The Estate of the late James O. Fairfax AC
30 August 2017


born 1928

oil on canvas

60.0 x 75.5 cm

signed and dated upper right: John Olsen 55
bears inscription verso: S.A.

$70,000 – 90,000
Sold for $317,200 (inc. BP) in Auction 50 - 30 August 2017, Sydney

Macquarie Galleries, Sydney
Mrs Brodie Knight, Sydney by 1960
The Estate of the late James O. Fairfax AC, New South Wales


Sydney Painting 1955, Macquarie Galleries for the Victorian Artists Society, Melbourne, 31 May – 11 June 1955; Royal Society of Artists, Adelaide, August 1955, cat. 39
Christmas Selection 2, Macquarie Galleries, Sydney, 7 – 22 December 1955, cat. 15
Galleria Espresso, Sydney, 1956
Contemporary Australian Art, Auckland City Art Gallery, New Zealand, May 1960, pl.2, cat. 54 (illus. in exhibition catalogue), (lent by Mrs Brodie Knight)
Looking at People, Perception in Australian Art, Sancta Sophia College, University of Sydney, Sydney, 1968, cat. 115
Heide Park and Art Gallery, Victoria, 1987, cat. 45
New Directions 1952 – 1962, Penrith Regional Art Gallery and The Lewers Bequest, New South Wales, 16 August – 29 September 1991, cat. 18
John Olsen Retrospective, National Gallery Victoria, Melbourne, 1 November 1991 – 2 February 1992; Art Gallery of New South Wales, Sydney, 8 May – 28 June 1992, cat. 7 (label attached verso)
John Olsen: The You Beaut Country, National Gallery of Victoria, Melbourne, 16 September 2016 – 12 February 2017; Art Gallery of New South Wales, Sydney, 10 March – 12 June 2017, cat. 2


Spate, V., John Olsen, Georgian House, Melbourne, 1963, pl. 10, pp. 4, 6, 17 (illus.)
Hughes, R., The Art of Australia, Penguin Books, Melbourne, revised edition 1970, fig. 107, pp. 15, 262, 263 (illus.)
Hart, D., John Olsen, Craftsman House, Sydney, 1991, p. 40
Van den Bosch, A., ‘The Market for Australian Art. The Formative Years’, Art and Australia, Fine Arts Press, Sydney, vol. 29, no. 3, Autumn 1992, pp. 271 (illus. and front cover), 316
Hurlston, D., and Edwards, D. (eds.), John Olsen: The You Beaut Country, National Gallery of Victoria, Melbourne, 2016, pp. 36, 37, 40 (illus.), 206

Catalogue text

It is a privilege to contemplate with hindsight the early work of an artist embracing formative ideas that would travel into the future without ever losing the élan of their genesis. The Bicycle Boys Rejoice, painted by John Olsen in 1955 at the age of twenty-seven, contains such freight. It tells much about where the shape of his vision came from, with a constituency of gesture, intuitive energy, and form birthing form across the entire picture plane that would remain basic to his language for the rest of his life.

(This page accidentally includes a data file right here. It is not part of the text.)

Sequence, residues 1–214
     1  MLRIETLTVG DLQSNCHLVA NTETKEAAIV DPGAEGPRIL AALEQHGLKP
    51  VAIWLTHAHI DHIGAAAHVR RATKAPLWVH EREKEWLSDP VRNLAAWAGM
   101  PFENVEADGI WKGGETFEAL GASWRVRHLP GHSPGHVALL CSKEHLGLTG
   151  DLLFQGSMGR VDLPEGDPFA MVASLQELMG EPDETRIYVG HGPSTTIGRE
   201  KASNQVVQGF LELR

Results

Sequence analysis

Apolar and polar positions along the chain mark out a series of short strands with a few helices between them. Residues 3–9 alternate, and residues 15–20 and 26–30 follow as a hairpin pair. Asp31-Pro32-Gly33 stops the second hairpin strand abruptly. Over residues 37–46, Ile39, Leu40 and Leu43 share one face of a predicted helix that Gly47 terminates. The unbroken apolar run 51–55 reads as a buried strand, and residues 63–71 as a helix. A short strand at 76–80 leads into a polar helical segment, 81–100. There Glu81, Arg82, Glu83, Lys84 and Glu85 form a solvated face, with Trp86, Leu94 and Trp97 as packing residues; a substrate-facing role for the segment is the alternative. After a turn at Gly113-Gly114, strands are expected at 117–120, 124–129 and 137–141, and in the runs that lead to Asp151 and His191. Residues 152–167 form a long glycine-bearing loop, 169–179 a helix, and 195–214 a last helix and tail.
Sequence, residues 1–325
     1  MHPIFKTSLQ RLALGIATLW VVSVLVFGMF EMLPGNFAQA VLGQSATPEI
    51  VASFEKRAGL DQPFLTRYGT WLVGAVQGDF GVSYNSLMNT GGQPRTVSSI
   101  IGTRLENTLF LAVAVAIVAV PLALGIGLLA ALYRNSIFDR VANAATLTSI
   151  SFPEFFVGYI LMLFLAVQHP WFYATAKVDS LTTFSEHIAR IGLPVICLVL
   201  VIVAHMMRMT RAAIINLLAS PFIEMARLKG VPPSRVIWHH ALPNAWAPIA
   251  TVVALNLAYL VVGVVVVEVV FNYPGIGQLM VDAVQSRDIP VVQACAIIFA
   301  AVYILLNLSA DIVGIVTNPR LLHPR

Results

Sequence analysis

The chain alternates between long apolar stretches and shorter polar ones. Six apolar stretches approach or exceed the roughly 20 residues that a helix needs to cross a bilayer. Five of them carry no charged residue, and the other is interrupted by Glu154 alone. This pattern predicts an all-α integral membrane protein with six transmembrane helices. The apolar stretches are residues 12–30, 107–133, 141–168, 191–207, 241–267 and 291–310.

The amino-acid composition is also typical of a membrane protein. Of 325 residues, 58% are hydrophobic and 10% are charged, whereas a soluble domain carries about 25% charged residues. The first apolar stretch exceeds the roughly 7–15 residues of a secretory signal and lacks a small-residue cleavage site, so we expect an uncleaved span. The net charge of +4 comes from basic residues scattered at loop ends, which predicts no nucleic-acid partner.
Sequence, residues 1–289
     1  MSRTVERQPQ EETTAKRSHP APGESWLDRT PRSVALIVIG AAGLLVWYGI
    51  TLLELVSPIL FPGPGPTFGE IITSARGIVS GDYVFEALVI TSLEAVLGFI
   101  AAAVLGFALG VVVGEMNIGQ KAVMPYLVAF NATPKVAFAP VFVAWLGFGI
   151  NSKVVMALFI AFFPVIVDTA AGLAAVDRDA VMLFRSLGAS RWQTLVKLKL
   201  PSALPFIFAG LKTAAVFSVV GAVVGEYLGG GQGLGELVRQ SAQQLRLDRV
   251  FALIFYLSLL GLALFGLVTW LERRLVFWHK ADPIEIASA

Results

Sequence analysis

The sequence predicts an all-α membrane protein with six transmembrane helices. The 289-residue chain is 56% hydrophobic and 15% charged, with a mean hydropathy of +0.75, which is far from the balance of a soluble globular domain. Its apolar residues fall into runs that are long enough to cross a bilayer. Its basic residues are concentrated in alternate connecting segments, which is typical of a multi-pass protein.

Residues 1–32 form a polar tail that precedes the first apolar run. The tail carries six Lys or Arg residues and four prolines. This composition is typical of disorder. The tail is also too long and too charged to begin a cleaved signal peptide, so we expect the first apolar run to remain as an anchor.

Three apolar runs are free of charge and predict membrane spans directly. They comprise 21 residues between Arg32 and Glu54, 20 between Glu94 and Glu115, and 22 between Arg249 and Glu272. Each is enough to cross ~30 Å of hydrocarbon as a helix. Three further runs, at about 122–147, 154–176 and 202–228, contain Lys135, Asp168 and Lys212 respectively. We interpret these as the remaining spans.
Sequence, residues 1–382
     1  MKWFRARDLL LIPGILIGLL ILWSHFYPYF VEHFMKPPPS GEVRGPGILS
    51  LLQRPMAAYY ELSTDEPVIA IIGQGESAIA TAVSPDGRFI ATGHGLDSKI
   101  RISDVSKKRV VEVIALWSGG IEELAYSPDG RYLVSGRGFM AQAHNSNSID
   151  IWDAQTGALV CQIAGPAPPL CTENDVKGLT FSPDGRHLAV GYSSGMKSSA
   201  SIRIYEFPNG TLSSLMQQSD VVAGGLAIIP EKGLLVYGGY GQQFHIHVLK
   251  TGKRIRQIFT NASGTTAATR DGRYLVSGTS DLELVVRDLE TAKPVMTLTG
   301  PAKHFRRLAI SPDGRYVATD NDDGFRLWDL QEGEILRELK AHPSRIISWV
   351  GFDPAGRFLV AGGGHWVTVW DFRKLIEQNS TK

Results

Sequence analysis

At the Julian Ashton School in Sydney Olsen loved his teacher John Passmore, but it can be seen in Olsen’s preparatory drawings of 1954-55 for this theme he was at once anxious to shake himself free from his master’s dependence on Cézanne whilst preserving a structural approach to the human figure that signified a new kind of expression. In his brush and ink drawings Passmore imbued a mysterious, marionette-like connectivity between the planes and joints, no doubt skillfully deployed as an illustrative draftsman with Lintas. These figure studies gave Olsen a basis to work forward with, although he had never, apart from the odd cartoon, succumbed to working as a commercial artist.

Along with fellow students at Ashton’s during the early 1950s, Olsen was determined to find a fresh approach to interpreting the world. Gestural abstraction from abroad began to come hard at this emerging generation, though evidenced by the influential exhibition of contemporary French art brought to Australia in 1953, figuration was not yet abandoned completely. An exhibition of contemporary Italian art three years later underlined a similar drift and mix.

The latter included one particular artist Olsen had already responded to whilst combing through art books and magazines. Marino Marini, whose drawings and sculptures on the horse and rider theme made an instant impact. There was a strangely Etruscan classicism in his sculpture, yet potential instability at the same time.

Marini’s influence is clear in Olsen’s painting Memory of the Wild Colonial Boy, 1954, where a horse stretches its neck down to drink and a male figure sits precariously aloft with an outstretched foot that would be, in Marini’s equivalent, a phallic protrusion. The following year, Olsen morphed the horse into a bicycle, with especial articulation in The Bicycle Boys Rejoice. The idea for it came mainly from his observation of racers in Centennial Park:

‘They had a lot of bicycles and I was rather fascinated by the difference in human body weight and the lightness of the bicycle. It had a kind of airiness about it … I guess it stands as a disparity of the airiness of human rejoicing, with the perilousness of the bicycle shapes themselves’.1

Vittorio de Sica’s film Ladri di biciclette, considered at the time perhaps the greatest film ever made, was released in Australia in 1950. The artist may not have given the sentiment of that film too much thought beyond a subliminal influence. But the desperate search by a father and son through chaotic post-war Rome trying to locate a stolen bicycle has an almost Olsen-esque sense of a beckoning life odyssey; and an inevitable push-pull between potential joy and disappointment reflected through the body language of the figures in this quintessential early painting.

1. Olsen, J., quoted in Hart, D., John Olsen, Craftsman House, Sydney, 1991, p. 19

Emeritus Curator of Australian Art
Art Gallery of New South Wales